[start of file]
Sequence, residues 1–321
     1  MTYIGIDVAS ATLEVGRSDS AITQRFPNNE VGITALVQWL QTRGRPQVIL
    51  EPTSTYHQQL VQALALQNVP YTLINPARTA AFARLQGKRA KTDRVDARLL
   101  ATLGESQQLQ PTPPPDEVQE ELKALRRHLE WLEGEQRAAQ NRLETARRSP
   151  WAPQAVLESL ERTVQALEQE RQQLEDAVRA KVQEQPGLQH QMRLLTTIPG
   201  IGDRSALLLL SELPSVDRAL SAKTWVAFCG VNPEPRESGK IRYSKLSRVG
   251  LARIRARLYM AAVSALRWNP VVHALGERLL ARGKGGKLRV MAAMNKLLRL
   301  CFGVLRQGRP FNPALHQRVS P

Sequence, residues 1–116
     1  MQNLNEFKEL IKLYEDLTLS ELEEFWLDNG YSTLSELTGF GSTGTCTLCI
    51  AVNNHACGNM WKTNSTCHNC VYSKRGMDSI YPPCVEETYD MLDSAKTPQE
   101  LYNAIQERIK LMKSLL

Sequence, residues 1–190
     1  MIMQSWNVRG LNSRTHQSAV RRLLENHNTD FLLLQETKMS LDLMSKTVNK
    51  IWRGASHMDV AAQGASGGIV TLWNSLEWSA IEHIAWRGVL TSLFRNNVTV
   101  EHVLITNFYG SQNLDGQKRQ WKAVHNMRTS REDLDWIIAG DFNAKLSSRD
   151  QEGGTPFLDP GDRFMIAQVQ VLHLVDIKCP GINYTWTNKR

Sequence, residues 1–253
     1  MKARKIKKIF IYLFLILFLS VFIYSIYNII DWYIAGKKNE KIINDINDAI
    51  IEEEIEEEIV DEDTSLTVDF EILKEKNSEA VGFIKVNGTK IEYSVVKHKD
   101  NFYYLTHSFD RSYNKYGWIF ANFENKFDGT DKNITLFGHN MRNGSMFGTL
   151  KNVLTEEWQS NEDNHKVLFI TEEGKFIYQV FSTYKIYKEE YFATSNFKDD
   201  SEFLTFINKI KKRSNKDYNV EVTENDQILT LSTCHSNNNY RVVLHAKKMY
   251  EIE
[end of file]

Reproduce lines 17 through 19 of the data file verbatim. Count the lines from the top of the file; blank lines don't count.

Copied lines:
   151  QEGGTPFLDP GDRFMIAQVQ VLHLVDIKCP GINYTWTNKR

Sequence, residues 1–253
     1  MKARKIKKIF IYLFLILFLS VFIYSIYNII DWYIAGKKNE KIINDINDAI